December 5, 2009

Hospital slang

Medical slang appears to be slowly dying out due to the discovery process in lawsuits, but it offered a rich lexicon when I first learned of it in the 1980s from a friend who worked in an emergency room. Here are some selections from Wikipedia's rather British-oriented list:
  • Agnostication - A substitute for prognostication. Term used to describe the usually vain attempt to answer the question: "How long have I got, doc?" [2]
  • ART - Assuming Room Temperature (dying)
  • ATS - Acute Thespian Syndrome (the patient is faking illness)
  • Bury the Hatchet - accidentally leaving a surgical instrument inside a patient [3]
  • CNS-QNS - Central Nervous System - Quantity Not Sufficient. [1]
  • DBI - Dirt Bag Index - multiply the number of tattoos by the number of missing teeth to give an estimate of the number of days since the patient last bathed. [1]
  • Dermaholiday - dermatology, considered to be a less-busy department. See rheumaholiday
  • Donorcycle - nursing slang for a motorcycle, so named due to the amount of head trauma associated with motorcycle accidents, but less so with the body, making the perfect candidate for organ donation[6]
  • GOMER - "get out of my emergency room" - a patient, usually poor or elderly, in the emergency room with a chronic, non-emergency condition. The name was popularized by Samuel Shem in his novel The House of God.[8]
  • GROLIES - Guardian Reader Of Low Intelligence in Ethnic Skirt. [1]
  • Hasselhoff - a term for any patient who shows up in the emergency room with an injury for which there is a bizarre explanation. Original Source: Baywatch actor David Hasselhoff, who hit his head on a chandelier while shaving. The broken glass severed four tendons and an artery in his right arm. [2]
  • Oligoneuronal meaning someone who is thick (not smart). [2]
  • Polybabydadic - The state of having illegitimate children by several fathers, known or unknown.[9]
  • Pumpkin positive refers to the idea that a person's brain is so tiny that a penlight shone into their mouth will make their empty head gleam like a Halloween pumpkin. [1][2]
  • Rear Admiral - a proctologist [3]
  • Status Hispanicus - An overly agitated Hispanic patient (often Caribbean, seldom Mexican) who cannot stop screaming about their condition without providing useful information. [10]
  • TEETH - tried everything else, try homeopathy.[1][5]
  • UBI - "Unexplained Beer Injury" [1][2][3][5]
  • Vitamin H - A Haldol injection, used in the ER setting to rapidly sedate patients (often already drunk or high) who display dangerous or destructive behavior that threatens the safety of hospital staff and other patients[11].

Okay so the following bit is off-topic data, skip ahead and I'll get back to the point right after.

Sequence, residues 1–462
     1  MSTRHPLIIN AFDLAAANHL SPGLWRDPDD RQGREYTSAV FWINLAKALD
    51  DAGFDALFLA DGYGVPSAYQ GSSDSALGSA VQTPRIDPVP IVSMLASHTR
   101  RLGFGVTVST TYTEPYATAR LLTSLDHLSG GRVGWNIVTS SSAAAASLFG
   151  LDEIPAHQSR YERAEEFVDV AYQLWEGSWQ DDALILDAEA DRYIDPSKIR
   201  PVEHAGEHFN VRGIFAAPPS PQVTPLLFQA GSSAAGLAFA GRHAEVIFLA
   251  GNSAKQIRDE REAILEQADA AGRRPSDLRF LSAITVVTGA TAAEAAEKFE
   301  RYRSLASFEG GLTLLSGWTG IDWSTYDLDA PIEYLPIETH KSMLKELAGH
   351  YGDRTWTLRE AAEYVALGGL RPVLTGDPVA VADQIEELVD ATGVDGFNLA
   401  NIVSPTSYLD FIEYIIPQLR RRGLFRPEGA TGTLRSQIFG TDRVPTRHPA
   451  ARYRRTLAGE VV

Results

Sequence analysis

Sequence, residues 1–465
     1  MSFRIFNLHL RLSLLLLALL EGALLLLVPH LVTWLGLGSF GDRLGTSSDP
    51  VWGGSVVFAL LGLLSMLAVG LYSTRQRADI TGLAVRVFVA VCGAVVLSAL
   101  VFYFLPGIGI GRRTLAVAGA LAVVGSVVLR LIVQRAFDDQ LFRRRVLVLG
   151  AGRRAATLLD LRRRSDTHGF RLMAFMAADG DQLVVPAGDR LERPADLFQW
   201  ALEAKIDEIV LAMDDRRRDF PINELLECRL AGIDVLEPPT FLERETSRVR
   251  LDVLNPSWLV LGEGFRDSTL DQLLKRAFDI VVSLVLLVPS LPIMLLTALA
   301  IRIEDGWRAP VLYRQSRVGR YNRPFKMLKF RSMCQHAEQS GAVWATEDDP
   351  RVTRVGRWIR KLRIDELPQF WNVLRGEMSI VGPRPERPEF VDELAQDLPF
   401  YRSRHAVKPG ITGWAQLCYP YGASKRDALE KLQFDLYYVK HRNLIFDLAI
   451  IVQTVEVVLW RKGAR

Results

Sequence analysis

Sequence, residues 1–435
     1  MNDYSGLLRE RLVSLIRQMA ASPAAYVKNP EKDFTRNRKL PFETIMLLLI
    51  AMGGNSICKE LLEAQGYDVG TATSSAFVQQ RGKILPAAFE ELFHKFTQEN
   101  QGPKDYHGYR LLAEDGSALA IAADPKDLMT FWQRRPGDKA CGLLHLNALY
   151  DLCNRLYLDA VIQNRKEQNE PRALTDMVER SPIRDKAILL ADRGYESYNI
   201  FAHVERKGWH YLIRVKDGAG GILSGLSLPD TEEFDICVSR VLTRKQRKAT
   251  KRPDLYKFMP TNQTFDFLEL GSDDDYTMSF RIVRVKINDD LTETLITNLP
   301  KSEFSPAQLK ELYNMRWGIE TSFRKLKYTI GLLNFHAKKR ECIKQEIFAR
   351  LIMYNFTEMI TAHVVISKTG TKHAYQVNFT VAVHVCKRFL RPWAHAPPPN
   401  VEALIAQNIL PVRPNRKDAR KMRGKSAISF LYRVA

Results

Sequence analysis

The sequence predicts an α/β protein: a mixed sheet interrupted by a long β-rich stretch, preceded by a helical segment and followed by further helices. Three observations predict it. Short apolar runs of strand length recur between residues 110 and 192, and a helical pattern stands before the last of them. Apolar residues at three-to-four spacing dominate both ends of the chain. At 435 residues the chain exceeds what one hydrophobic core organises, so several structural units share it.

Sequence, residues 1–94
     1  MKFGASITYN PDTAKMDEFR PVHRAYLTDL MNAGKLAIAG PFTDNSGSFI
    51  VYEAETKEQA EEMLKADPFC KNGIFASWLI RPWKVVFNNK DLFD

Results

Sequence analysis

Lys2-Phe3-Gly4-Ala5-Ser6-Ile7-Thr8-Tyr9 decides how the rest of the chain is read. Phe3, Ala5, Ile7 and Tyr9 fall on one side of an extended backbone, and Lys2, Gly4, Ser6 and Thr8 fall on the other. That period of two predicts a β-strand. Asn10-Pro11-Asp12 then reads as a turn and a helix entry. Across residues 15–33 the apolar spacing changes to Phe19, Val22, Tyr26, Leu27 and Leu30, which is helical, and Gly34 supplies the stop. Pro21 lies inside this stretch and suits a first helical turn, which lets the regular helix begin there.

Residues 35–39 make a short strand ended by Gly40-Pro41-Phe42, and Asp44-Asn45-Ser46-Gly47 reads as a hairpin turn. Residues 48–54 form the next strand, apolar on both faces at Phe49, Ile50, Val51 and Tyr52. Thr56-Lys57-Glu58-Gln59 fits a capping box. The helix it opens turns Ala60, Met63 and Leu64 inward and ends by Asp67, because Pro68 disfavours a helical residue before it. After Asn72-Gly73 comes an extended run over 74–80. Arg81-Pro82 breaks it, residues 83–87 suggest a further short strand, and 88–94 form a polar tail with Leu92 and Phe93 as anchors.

My published articles are archived at -- Steve Sailer


Des Moines said...

There's a bunch of others that were missed:

Cleveland Steamer
Angry Dragon
Tony Danza
Jelly Donut
Chili Dog
Donkey Punch
Hot Karl
Rusty Trombone
Cincinnati Bowtie
Alabama Hot Pocket

And many, many more other ones.

Shining Wit said...

CTD == circling the drain, used of patients who are to die soon.

Stopped Clock said...

Code brown: Fecal incontinence emergency

Anonymous said...

Very funny list Steve. I really enjoyed the DBI (dirt bag index).

It snowed in Hunstville, Alabama today,,0,3231767.photogallery

I wonder if the people in Houston, Texas, a few miles off the Gulf of Mexico, enjoyed their snow as much as the folks way down in Bama' enjoyed theirs?

Damn that global warming, its freezing us to death!

BTW----I apologize, but I cannot resist. Roll Tide!! We are probably about the fifth best team in America, but I'd rather be lucky than good anyday. You can't coach against luck.

Anonymous said...

Why are the English so much more clever and witty than Americans and actually everybody else?

Have you ever written about this topic?

The English newspapers are so much more fun to read than American ones too.

Middletown Girl said...

Obamedics: Faith Healing by government.

agnostic said...

"Polybabydadic" -- omg best jargon ever!

Pam Maltzman said...

LOL. I've been doing medical transcription for over 20 years now, and I've never heard of most of those. But then again, I don't have anything to do with direct patient care. Most of the slang terms I encounter are like "appy" for either "appendicitis" or "appendectomy." The reports are supposed to be relatively impersonal and professional sounding.

Dennis Mangan said...

Frequent Flier: ER regular, esp. one seeking drugs.

kudzu bob said...